10 ways to have peace without work-life balance.
I want you to be happy in your job. Why? Because I’ve been in the position where I felt trapped, wanting to love what I was doing but feeling like I couldn’t do a good job, that the hard work of being a nurse was leaving me empty for all the other things I wanted in my life.
I resented work because I felt like all my energy was gone by the time I got back to my family and I was overwhelmed with trying to keep up. And the cycle began, go to work, resent the energy expenditure involved with caring for people, come home exhausted, resent it more, have no energy to enrich my life outside of work, feel discouraged, dread going to work.
Any of this sound familiar?
I choose to work as a nurse not only to provide for my family but because I feel like I am meant to be a nurse. If I start to resent my job because I am blaming my general life struggles on it, I lose the power to change my personal life and give up any possibility for job satisfaction in the process. I give up the positive energy that I get from helping people in exchange for fatigue and discouragement.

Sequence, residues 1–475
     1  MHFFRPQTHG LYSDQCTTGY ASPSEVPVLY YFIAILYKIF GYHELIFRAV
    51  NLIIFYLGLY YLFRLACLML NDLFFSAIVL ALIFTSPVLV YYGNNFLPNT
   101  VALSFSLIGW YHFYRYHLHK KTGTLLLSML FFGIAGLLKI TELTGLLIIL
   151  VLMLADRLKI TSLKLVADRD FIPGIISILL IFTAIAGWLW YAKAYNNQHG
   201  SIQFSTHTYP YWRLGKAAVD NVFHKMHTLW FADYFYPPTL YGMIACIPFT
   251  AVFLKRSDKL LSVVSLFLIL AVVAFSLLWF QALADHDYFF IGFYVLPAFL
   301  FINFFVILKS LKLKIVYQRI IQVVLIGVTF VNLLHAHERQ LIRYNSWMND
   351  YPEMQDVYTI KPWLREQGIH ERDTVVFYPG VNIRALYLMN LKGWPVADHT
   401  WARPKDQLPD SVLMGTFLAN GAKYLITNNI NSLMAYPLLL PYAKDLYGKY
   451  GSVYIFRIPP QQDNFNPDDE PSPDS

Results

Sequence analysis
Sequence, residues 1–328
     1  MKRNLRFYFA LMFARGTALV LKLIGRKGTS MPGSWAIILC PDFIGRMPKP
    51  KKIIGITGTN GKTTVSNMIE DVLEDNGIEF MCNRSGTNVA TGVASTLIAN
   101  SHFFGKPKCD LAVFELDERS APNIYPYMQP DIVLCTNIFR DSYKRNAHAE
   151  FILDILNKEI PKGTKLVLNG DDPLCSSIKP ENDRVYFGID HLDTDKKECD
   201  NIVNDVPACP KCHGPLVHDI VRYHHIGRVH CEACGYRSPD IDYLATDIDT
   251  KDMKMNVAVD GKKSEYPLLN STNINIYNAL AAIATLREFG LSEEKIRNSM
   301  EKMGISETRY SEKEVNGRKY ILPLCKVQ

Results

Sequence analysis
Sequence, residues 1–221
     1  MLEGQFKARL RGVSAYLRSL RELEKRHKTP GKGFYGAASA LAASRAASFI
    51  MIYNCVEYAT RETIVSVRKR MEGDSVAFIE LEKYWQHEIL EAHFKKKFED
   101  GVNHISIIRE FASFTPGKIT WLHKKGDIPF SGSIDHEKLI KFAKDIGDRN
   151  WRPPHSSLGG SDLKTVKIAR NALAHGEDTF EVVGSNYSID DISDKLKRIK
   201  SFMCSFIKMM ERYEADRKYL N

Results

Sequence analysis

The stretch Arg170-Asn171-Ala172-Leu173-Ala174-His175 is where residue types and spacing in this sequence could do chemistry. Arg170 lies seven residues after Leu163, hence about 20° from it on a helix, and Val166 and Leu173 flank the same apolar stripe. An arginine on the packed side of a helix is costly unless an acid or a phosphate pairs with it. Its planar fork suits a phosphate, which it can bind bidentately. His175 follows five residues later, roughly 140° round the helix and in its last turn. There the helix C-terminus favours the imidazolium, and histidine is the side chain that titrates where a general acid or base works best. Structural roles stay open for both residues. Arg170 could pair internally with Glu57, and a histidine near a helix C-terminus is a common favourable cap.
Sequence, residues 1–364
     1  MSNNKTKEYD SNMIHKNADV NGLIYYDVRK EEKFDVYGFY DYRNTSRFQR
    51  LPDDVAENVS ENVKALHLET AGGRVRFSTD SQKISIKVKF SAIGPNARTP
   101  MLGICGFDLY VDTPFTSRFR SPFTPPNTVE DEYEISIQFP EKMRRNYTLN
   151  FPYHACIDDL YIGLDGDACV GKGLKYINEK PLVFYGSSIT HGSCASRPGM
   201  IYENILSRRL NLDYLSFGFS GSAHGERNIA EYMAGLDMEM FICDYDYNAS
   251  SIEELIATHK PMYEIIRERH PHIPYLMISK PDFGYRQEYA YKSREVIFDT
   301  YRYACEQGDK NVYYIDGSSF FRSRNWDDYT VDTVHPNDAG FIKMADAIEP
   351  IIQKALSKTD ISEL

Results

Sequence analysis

It’s a lose/lose situation.
If I take responsibility for all of it, I can fashion it into what I want and have peace, whether it is balanced or not.
Work-life balance isn’t what you want (gasp). Give up the misguided hope that achievement of balance brings contentment. Balancing anything is hard, 2 opposing forces exerting equal pressure, without swaying. Just talking about it is exhausting and pursuit of it can lead to discontent, guilt, and feeling inadequate.
I propose that we strive for peace, not balance.
I propose not only managing your time but yourself.
I propose a counterintuitive approach. Bring all the positive things from work INTO your home life instead of trying to keep your work identity totally separate.
How can I be a nurse at home? What does that look like? What makes me a nurse and why did I gravitate to this.? How can I be resourceful, resilient, compassionate, and smart at home? How can I solve problems on the fly and with confidence? These are characteristics that make me a great nurse and I can be a great nurse at home too. Because really, the problem is when I don’t feel like I have a good grasp on my life outside of work, I blame work and the fatigue of the job.
So what are the 10 Ways to pursue a peaceful life instead of stressing about balancing?
1. Be super clear on what your priorities are.